Old-school SAT analogy: Nomo is to brisk as Wells is to A) redolent, B) indignant, C) svelte, D) orange. I think Nomo must be auditioning for my roto-league rotation with all the walks he's giving up.

Thanks to a bit of overzealous outfield play by the Devil Rays, Edgar Renteria manages the rare triple off the left field wall at Fenway Park. I actually saw Todd Walker do the same thing late in 2003, when the carom off the Monster also caromed off the outfielder's foot, but Walker hit it closer to center field than Renteria did.

One of the nice things about getting up 8-0 early in the game is that I'm not consumed by seething resentment as Casey Fossum throws four shutout innings in garbage time. The guy helped bring us Schilling, after all; there's no reason to wish him anything other than the best. Especially if he blooms into the kind of crafty lefty that gets Hideki Matsui out at a key moment, facilitating a rare and humiliating loss for the Bombers.

Wells has the curve in working order this evening, but it helps that by the fifth inning the Rays are taking those "we're down eight and freezing our butts off" kind of swings.

A Dave McCarty sighting! They let him out of the "Break Glass in Case of Blowout" cage, and he responds with a two-run double.

Tonight turns out to be like the mini-bar at Casa de Clemens: nothing but gravy.

Thursday, April 14, 2005

Six down, thirteen to go

Tonight's 8-5 victory wasn't a must-have; it's crazy to talk that way in April. Nonetheless, to lose each of the first three series this season would have been tough to swallow. Salvaging this rubber game wasn't huge, but it was a most welcome step in the right direction.

Quickly:

This was a really disappointing performance from Arroyo tonight. Staked to a three-run lead, he fell in love with his breaking stuff, even though he wasn't getting strikes called on it. Whether or not he should have had some more called strikes is not terribly relevant. Major league pitchers make adjustments. Walking Jeter and Sheffield (yeah, he probably should have been rung up, but still) to bring up Matsui was just about the worst thing he could have done. We're going to see much more good than bad from Arroyo this year, but tonight the Paper Airplane simply folded.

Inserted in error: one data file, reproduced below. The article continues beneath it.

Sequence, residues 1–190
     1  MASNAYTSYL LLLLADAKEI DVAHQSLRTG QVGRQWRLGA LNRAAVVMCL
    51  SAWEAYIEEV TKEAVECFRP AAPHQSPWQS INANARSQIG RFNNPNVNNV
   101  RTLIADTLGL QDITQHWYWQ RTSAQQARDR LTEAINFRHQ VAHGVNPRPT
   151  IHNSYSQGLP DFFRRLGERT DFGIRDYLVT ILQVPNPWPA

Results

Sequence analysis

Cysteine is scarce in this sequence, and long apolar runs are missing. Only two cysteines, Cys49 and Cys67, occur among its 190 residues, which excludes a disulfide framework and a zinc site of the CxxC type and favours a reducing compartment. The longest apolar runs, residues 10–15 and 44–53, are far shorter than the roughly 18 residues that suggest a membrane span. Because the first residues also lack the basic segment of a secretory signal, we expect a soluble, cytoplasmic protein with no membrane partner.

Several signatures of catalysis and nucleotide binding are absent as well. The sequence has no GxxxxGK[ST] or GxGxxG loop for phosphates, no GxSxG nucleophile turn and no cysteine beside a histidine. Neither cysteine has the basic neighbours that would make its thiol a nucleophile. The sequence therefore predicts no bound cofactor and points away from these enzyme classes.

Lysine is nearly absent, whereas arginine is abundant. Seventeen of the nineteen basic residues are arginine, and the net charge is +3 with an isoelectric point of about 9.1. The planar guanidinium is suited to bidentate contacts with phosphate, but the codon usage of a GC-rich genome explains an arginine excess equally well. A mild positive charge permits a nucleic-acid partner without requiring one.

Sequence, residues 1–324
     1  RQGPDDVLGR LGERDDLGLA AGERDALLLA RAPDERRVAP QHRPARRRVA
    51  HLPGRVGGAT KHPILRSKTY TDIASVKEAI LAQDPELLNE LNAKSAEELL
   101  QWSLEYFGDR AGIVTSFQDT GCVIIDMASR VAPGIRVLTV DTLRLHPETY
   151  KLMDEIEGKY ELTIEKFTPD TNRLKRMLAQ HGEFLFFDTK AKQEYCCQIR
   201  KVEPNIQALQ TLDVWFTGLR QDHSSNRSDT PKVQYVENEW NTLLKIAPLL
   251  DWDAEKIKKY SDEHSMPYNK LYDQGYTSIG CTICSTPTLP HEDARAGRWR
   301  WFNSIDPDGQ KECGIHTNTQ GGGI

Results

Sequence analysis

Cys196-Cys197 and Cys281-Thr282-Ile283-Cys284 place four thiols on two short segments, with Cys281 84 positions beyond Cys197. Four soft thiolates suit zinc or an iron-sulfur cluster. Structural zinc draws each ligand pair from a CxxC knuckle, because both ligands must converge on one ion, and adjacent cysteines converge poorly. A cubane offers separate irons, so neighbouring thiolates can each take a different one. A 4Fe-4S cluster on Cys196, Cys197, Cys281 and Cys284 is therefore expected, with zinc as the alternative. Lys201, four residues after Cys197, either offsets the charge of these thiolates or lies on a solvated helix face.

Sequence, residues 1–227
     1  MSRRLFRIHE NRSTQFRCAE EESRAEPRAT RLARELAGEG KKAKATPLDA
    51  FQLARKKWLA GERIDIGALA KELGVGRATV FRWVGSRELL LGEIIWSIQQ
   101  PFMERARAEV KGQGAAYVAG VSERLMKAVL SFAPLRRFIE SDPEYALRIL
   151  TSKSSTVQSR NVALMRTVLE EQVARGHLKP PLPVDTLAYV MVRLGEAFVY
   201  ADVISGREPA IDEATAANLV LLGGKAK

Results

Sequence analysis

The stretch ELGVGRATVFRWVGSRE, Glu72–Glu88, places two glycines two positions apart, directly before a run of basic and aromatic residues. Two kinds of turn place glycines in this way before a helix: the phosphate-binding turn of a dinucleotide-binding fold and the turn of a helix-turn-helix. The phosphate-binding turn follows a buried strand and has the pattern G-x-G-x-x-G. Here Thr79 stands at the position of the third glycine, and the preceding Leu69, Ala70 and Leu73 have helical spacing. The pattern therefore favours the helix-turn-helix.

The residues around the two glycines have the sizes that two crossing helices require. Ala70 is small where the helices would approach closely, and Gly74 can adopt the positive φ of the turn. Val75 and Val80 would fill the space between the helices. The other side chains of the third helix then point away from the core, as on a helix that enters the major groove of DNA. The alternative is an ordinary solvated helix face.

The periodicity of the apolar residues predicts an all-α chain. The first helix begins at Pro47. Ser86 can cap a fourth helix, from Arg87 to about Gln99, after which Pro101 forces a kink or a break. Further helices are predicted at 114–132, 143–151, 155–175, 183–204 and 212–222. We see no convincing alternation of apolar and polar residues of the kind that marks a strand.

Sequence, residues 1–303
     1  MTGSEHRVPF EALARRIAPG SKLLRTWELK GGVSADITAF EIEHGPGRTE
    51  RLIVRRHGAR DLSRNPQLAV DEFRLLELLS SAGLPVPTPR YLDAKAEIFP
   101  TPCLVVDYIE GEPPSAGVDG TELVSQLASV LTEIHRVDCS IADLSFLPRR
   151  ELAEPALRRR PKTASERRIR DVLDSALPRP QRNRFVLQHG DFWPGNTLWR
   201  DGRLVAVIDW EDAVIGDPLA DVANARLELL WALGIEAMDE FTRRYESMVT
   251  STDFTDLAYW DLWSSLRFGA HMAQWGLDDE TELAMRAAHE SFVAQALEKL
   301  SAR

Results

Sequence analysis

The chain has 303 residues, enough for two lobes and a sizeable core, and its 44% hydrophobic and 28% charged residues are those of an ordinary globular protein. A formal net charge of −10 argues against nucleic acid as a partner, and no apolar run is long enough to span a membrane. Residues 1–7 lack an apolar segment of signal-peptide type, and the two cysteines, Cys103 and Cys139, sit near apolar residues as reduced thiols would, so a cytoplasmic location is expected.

Jason Varitek responded the way team captains should in the bottom of the inning. That homer off Johnson was real real gone. Happy 100th, 'Tek.

Okay, I've seen the clip of 'Tek's insurance triple in the bottom of the eighth, where a fan did about the stupidest thing he could do as Sheffield was making a play on the ball. The fan was ejected, and that should be that. This wasn't Game 3 of the 2003 ALCS, or July 23 last year. Sheffield kept his cool much better than he might have, and the fan was properly shown the door. Let's not make this a big thing.

Foulke is to be commended for picking up an extra inning tonight.

But.

Someone needs to tell the man he's not an Olympic diver. He doesn't get extra points for degree of difficulty. "That reverse-two-walk-bases-loaded pike really impressed the judges!"

This is the furthest Manny Ramirez has gone into the start of a season without a home run in his entire career. If I'm the Tampa Bay pitching staff, my dreams are haunted by a relentless ticking sound...

Wednesday, April 13, 2005

Seven things I Hate about 86 Things I Hate about the Red Sox

I get it.

We've been celebrating a little bit too long and perhaps a little bit too loudly. We haven't acted like we've been there before.

But in fairness, we haven't. And it seems to me that the backlash has become just as exaggerated and stupid as the less restrained aspects of the celebration itself. In the spirit of this self-perpetuating gum-flappery, I'm going to look at David Schoenfield's Page 2 column from yesterday and, in the words of Hank Hill, "tell him whut."

2. Manny Ramirez's sudden and magical October transformation from absentminded, dim-witted slugger who makes costly baserunning gaffes to lovable, dreadlocked slugger who just plays the game with a little flair.

I don't think anybody's denying Manny's absent-mindedness in the field; to imply otherwise is to grossly overstate the extent of any purported "transformation." Further, to apply "dim-witted" to Manny's approach at the plate is short-sighted. When he's right (and he's right often enough to finish in the top five in OPS every year) few batters do a better job of working a pitcher. It's not like he just grips and rips.

5. Curt Schilling's bloody sock. Hockey players mock this.

I'm not real interested in Schilling's views on national politics or his relationship to his personal savior, either. Given that hockey players are presently taking the season off, though, I can't see how what they mock or don't mock has a bearing on this occasion. How many of them have risked an untested medical procedure at an advanced age to turn up like El Cid in the biggest game of the season?

23. "Yankees suck" T-shirts. Even more pathetic, lame and embarrassing.

Whatever you think of the t-shirts (and I can see the sense of both the pro and con camps), it's simply a mistake to assume that only Red Sox fans wear them or endorse the sentiment.